The Best of Both Worlds
If weight resistance training is a challenge for you, try to incorporate cardiovascular exercises that are also weight-bearing. These include walking, stair climbing, jogging or elliptical training. This is referred to as cross-training which can be beneficial for everyone especially people with diabetes. Cross-training focuses on whole-body fitness with a mix of cardio, flexibility, and strength training. Using different muscle groups helps boost your level of fitness. Consider doing sets of 10, such as 10 minutes of walking, 10 minutes of resistance training or weight lifting, and stretching for 10 minutes. Make sure your exercises focus on all areas of your body including your core, legs, arms and back. It can be beneficial to work with a physical trainer for a few sessions to develop a workout routine that suits your fitness level and schedule. Senior centers, community centers and YMCA complexes may have group classes utilizing weight machines with demonstration and supervision as well.
Alternating between resistance training and cardio may be the answer to more effective diabetes management. Cross-training can lower blood sugar levels and reduce the risk of cardiovascular disease by up to 20 percent. It helps burn fat, build muscle, and make muscles more sensitive to insulin to help minimize the insulin resistance associated with diabetes.
Add Flexibility Exercise to Your Routine
To make your exercise routine well-rounded, flexibility exercises should be added. Stretching, Tai Chi, and yoga are excellent ways to increase or maintain flexibility and are gentle enough for anyone to do. Warming up before exercise and cooling down afterward helps prevent injuries and will allow you to get the most out of your workout.
Benefits of Stretching and Flexibility Exercises
There are many benefits associated with stretching and flexibility exercises. They help with range of motion which can be a problem for people with diabetes. Regular stretching helps prevent exercise-related injuries so you can do cardio exercises and weight resistance training with greater confidence. It also improves balance to help prevent falls.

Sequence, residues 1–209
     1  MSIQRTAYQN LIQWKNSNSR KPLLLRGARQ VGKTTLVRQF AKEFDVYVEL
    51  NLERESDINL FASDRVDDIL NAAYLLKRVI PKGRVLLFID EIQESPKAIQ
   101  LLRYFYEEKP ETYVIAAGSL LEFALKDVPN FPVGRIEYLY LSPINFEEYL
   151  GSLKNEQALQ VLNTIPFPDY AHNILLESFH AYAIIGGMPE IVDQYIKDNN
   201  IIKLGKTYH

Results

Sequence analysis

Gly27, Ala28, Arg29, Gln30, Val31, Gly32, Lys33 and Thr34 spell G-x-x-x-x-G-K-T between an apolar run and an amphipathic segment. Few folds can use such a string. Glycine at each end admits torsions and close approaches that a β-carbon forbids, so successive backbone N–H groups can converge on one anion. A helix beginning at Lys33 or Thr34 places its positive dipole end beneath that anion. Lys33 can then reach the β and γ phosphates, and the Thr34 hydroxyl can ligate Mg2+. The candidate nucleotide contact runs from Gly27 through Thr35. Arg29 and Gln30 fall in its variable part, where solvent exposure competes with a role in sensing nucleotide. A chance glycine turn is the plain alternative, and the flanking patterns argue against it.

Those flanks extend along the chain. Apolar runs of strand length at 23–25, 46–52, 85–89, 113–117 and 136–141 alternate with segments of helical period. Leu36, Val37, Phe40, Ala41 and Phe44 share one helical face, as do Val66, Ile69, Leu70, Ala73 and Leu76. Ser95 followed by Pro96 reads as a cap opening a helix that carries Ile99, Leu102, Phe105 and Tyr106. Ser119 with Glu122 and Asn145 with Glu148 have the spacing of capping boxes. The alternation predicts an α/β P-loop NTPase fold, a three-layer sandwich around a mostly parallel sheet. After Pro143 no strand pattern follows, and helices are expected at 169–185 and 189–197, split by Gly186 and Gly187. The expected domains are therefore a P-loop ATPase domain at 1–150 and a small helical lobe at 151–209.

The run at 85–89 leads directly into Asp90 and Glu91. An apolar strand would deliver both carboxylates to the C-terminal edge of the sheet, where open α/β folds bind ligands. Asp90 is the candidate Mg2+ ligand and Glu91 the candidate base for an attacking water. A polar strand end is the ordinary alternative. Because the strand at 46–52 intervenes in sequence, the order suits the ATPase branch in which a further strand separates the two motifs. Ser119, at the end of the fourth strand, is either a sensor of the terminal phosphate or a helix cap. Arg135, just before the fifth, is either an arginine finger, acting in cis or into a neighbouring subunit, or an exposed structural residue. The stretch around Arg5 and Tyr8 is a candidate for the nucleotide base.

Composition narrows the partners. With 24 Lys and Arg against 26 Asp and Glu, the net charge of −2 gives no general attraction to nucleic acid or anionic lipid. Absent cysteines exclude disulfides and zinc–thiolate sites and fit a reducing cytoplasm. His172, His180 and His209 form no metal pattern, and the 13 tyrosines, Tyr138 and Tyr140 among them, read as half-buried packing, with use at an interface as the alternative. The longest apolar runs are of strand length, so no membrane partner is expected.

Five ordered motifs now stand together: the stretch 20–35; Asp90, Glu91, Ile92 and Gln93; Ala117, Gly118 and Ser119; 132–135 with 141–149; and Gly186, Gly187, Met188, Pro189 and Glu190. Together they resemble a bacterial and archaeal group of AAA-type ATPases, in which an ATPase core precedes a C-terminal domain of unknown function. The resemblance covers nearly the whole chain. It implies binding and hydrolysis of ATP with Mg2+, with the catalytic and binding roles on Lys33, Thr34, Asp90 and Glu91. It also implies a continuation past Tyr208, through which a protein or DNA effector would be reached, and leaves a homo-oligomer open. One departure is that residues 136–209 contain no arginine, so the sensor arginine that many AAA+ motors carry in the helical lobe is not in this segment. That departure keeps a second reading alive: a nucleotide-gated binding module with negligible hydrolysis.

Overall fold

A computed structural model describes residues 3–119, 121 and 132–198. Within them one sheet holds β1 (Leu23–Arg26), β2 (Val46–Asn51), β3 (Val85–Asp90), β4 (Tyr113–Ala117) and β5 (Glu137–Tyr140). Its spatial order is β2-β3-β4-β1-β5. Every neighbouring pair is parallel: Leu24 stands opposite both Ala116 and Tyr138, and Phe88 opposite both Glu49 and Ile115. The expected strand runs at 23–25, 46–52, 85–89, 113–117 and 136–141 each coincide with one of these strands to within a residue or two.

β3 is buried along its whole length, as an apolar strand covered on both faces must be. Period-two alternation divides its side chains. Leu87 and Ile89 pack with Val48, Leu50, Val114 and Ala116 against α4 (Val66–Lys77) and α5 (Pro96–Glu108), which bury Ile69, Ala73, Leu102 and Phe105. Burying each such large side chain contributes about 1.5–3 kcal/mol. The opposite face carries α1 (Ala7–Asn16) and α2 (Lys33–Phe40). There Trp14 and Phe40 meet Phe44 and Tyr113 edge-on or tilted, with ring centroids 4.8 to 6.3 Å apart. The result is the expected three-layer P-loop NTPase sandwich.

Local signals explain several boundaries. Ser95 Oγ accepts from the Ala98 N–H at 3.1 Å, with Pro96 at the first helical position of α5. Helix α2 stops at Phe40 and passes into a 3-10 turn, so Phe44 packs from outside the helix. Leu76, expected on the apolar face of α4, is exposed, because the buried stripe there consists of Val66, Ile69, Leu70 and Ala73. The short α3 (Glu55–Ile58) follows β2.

Basic Exercise Rules to Follow
Before you jump into the next exercise trend, do your preliminary research. Whatever exercise you choose be sure to follow these basic rules.
Seek Medical Approval: Each body operates a little differently and every person with diabetes has his or her unique diabetes management plan. With that in mind, always check with your doctor before beginning any new exercise routine.
Monitor Your Blood Sugar Levels: Monitor your blood sugar level carefully, before, during, and after exercise. Keep glucose tablets and snacks available during workouts in case you experience a drop in blood sugar. Maintain a journal and share the results with your health care team during routine exams.
Check Your Feet: Whether you experience numbness in your feet or not, check your feet carefully every day for blisters, cuts, or other injuries. Be sure your footwear fits properly and offers as much support as you need. Wear socks when exercising at all times. If your shoes become worn, replace them regularly.
Now get on out there and exercise! Whether you choose cardio, weight resistance training, or a combination of the two, any exercise is of benefit to people with diabetes. And make sure to include stretching in your workout routine.